Thursday, 30 August 2007

'Unfriendly Fire'

A 2002 report on MofD attempts to improve combat identification said:

"History shows that fratricide is an unavoidable feature of warfare."
In the fog of war, accidents have always happened. Although true, these sentiments will be of little consolation to the families of the three British soldiers killed on August the 23 when a single 500lb bomb was dropped on to the British fighting position in error. But there is something else. To us in Britain the phrase 'friendly fire' has in recent years come to represent a very particular brand of fratricide: the deaths of UK soldiers under American fire.

Not surprisingly, the common reaction in Britain was almost immediate: why did it always seem to be American pilots who killed our men? The second, and just as important question is, do British soldiers have the right equipment to protect themselves against friendly fire?

As an investigation began, commander of the British taskforce in Afghanistan, went out of his way to play down any suggestion that the American pilots had been too gung-ho. Of course we understand that pilots flying at high speed find it immensely difficult to distinguish friend from foe on the ground when the combatants are so close together. And the technology is not always available to help them. Not surprisingly there have been many close calls and occasional tragedies.

Alternatives? Not really. The air cover must be relied on unless more troops were deployed on the ground. As one defence analyst puts it: "If you don't want that [air cover] then you have to provide enough troops on the ground so that you don't need to call on the Americans to pull your chestnuts out of the fire." So, the alternative - more ground troops, which we don't have, not now anyway. Which brings us back to American pilots and equipment for our soldiers.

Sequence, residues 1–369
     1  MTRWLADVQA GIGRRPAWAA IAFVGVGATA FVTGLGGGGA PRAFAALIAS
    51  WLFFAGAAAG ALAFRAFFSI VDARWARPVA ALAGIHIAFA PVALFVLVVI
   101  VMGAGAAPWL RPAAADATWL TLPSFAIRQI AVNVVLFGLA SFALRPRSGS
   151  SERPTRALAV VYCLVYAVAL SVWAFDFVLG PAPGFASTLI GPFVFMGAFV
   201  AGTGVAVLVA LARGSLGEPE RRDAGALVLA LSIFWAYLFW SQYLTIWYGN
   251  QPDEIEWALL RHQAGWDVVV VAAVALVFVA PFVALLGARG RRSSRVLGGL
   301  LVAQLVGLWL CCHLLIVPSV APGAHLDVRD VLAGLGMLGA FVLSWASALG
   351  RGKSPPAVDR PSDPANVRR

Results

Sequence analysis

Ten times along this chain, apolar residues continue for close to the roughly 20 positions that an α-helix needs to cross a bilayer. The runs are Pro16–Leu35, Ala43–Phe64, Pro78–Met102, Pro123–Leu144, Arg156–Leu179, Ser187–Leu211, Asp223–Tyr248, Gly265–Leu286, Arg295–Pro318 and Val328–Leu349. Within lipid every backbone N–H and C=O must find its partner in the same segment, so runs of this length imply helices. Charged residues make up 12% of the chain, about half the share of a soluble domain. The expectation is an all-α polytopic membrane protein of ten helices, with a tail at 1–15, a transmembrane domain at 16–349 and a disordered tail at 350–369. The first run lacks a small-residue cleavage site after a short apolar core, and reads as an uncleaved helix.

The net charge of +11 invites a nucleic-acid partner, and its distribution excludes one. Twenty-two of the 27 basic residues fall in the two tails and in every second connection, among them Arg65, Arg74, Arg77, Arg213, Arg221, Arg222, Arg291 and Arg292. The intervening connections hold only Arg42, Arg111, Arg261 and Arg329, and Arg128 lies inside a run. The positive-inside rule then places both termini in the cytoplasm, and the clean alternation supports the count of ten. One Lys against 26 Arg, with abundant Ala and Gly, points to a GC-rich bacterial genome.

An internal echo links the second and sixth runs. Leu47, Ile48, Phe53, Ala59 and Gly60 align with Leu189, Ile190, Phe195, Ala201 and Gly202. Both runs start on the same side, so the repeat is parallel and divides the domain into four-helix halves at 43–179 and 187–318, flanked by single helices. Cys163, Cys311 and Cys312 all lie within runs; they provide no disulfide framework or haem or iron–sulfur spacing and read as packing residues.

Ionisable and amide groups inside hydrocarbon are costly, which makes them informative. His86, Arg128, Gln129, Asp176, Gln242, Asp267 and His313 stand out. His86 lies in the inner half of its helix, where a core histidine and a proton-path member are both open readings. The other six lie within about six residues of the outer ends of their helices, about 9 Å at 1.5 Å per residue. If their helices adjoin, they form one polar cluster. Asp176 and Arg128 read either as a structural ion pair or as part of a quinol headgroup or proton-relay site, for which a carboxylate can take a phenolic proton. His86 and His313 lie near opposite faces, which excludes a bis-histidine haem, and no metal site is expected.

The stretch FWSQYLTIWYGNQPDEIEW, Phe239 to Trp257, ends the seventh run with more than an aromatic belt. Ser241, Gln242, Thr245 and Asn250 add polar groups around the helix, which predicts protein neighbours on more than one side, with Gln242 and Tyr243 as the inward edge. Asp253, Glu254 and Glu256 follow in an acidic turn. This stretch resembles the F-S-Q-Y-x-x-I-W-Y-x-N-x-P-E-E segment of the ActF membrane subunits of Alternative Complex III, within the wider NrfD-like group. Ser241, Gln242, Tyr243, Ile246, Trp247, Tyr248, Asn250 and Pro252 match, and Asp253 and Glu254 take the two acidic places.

We know that this is not the first time that American bombing activities come under scrutiny and criticism - only recently a senior British officer requested that US special operations forces pull out of his area because they were calling in too many airstrikes and killing too many civilians. Reportedly, Royal Air Force and Royal Navy pilots said that they and the French pilots had often pulled out of attacks because of the risk of killing civilians, only to see US pilots called in to attack the same targets. The only other case of British service personnel being killed by in friendly fire involving American military personnel in Afghanistan until now is still under investigation. So we do have valid reasons to be suspicious when told an official explanation.

As for the right equipment, there has been a constant criticism of the MoD since the first Gulf war in 1991, that Britain is not doing enough to protect its troops against friendly fire incidents. At the recent inquest into the death of Lance Corporal of Horse Matty Hull, who was killed when two US A10s attacked his convoy early in the Iraq war, these questions were asked again.

The Commons public accounts committee criticised the MoD five years ago for not doing enough to protect military personnel from friendly fire accidents. When it revisited the issue in May, it found that the situation was scarcely any better, concluding that “...half the programmes seeking a tactical solution for friendly fire had been delayed, deferred or changed. The issue appears to have the low priority at the MoD.”

Sending troops to Afghanistan, defence secretary John Reid said he would be ‘very happy’ if they did not fire a shot. Well, after more deaths last week, with casualties fast becoming the highest since the WWII, his words ring glib and hollow. In the face of this sustained danger in Iraq and Afganistan, Britain's armed forces deserve our every support.

This brings us to the subject of Military Covenant. The Military Covenant sets up that in return for asking our Service personnel to risk their lives and limbs on our behalf, the people of this country through the Government undertake to give them the resources they need. The Government is also under obligation to ensure that if injured the soldiers will receive the best possible care (including long-term care), and if killed their families will be looked after.

They wish it was - there is a growing feeling amongst the Forces that the Government doesn't hold its side of the bargain. Gordon Brown came out of holiday hideout to co-ordinate the Government's response to gun crime, however, on war he remains conspicuously silent. But then what else can you expect from him?

I quite agree with the shadow defence secretary Liam Fox who spoke for a lot of people when he went after Brown for starving the armed forces of funding: "As chancellor, Gordon Brown never gave defence much priority and now the skies are black with chickens coming home to roast." How true, but tell it to the lads...